Market Sectors - Organizing The Stock Market
Are you a clean freak? Does it drive you crazy when things are out of place or when a picture isn’t quite level? If you are at your friend’s house, do you wipe dust from a shelf or line up the towels when no one is looking? If so, you will like today’s topic; but don’t worry, we won’t lecture you on your obsessive compulsive side! The topic is market sectors and understanding and using them will not only tidy up your stock portfolio but will also help you to strengthen your trading plan as well.
A Definition of Market Sectors
They say a problem well defined is nearly solved; this can be applied to stocks as well. An investor needs a way to sort stocks; the basis of stock technical analysis relies on this comparison. If you can find common ground between two stocks, you can find a measurement of comparison. The best form of association is market sectors. “Market sectors” is a qualification method which looks at the type of business and groups them based on generally accepted names. One of the most common classifications breaks the market down into 11 different market sectors. Two are generally regarded as “defensive” and the other nine are referred to as “cyclical”. These market sectors are:
Defensive investing with defensive stocks are beneficial to a portfolio because companies in these market sectors typically don’t experience as much stock volatility when the market has problems because people still use energy and eat. These are good stabilizers to use for portfolio diversification and offer protection in a falling market.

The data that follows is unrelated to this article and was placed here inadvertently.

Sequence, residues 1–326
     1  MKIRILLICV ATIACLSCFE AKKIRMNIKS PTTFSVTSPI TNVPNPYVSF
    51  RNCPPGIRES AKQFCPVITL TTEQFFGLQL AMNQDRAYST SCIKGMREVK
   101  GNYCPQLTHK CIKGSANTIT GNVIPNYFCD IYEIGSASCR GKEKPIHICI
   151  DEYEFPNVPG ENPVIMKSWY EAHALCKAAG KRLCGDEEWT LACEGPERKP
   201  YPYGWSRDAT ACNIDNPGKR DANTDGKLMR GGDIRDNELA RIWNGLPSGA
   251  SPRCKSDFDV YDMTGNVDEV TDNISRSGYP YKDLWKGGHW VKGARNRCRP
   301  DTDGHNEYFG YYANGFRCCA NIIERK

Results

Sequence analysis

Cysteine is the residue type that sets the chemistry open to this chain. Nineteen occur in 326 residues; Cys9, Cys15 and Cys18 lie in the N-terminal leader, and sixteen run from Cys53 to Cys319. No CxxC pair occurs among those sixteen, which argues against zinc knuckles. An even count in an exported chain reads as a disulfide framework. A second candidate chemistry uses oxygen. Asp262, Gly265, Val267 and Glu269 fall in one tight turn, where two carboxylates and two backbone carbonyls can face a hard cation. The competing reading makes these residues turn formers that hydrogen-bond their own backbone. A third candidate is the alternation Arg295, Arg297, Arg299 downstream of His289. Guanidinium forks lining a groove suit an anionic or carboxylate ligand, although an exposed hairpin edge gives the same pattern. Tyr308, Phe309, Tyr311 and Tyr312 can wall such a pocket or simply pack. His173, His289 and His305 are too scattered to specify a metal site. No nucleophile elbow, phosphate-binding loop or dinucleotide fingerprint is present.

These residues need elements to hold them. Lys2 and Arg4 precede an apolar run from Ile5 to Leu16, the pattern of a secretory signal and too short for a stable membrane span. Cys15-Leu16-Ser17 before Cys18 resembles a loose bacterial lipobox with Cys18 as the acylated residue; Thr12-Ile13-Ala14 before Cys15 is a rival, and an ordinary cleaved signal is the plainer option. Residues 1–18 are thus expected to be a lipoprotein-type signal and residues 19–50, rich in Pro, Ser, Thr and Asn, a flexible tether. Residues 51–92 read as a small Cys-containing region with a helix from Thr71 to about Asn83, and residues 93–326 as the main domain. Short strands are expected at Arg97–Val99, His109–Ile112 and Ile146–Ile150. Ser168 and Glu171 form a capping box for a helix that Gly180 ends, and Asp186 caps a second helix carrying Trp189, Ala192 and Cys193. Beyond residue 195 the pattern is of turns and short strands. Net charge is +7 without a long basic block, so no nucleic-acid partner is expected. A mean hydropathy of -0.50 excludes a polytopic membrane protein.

The downside of defensive stocks is that they don’t climb with a rising market. Although the market is doing well people necessarily use more energy or eat more food. Defensive market sectors follow the image that their name implies; they can be used quite well as hedge funds, stable stocks that prevent too much volatility in a portfolio.
Cyclical stocks cover the remaining market sectors and they typically react to a variety of market conditions. They do move independently, however, as one may be going up while another is going down. Because of this, purchasing from the cyclical market sectors requires good stock market strategies.
Why do we care about market sectors?
There are two important concepts with market sectors. First, by understanding the different market sectors, it is possible to find relationships between different companies. If you don’t know that one company is in the health care sector and another is in the energy sector, you might compare their earnings per share and draw conclusions that don’t apply. Second, understanding market sectors allows you to add valuable protection to your stock portfolio. By investing in a number of different market sectors, you can build a higher level of security for your investment. For example, if you invested $11,000 only in the communications sector and it dropped by 50% you will have lost $5,500 or 50% of your investment. If you invested equally in all eleven market sectors and the communications sector dropped by 50%, you will have only lost $500 or 4.5% of your investment. While the example is simplistic, the meaning is very clear; by spreading your investments over a number of market sectors you minimize your risks of a tumble by an entire sector.
Feel like doing a little “spring cleaning” on your portfolio now? By putting the stock market in the right baskets, you can know how to both evaluate a stock and insulate your portfolio from extreme risk. Most analysis matrixes start by comparing businesses from the same sector; as you use your stock trading plan to evaluate companies in similar market sectors, you will improve your decision making process. Then you can start trying to understand other important things like why those uneven towels bother you so much!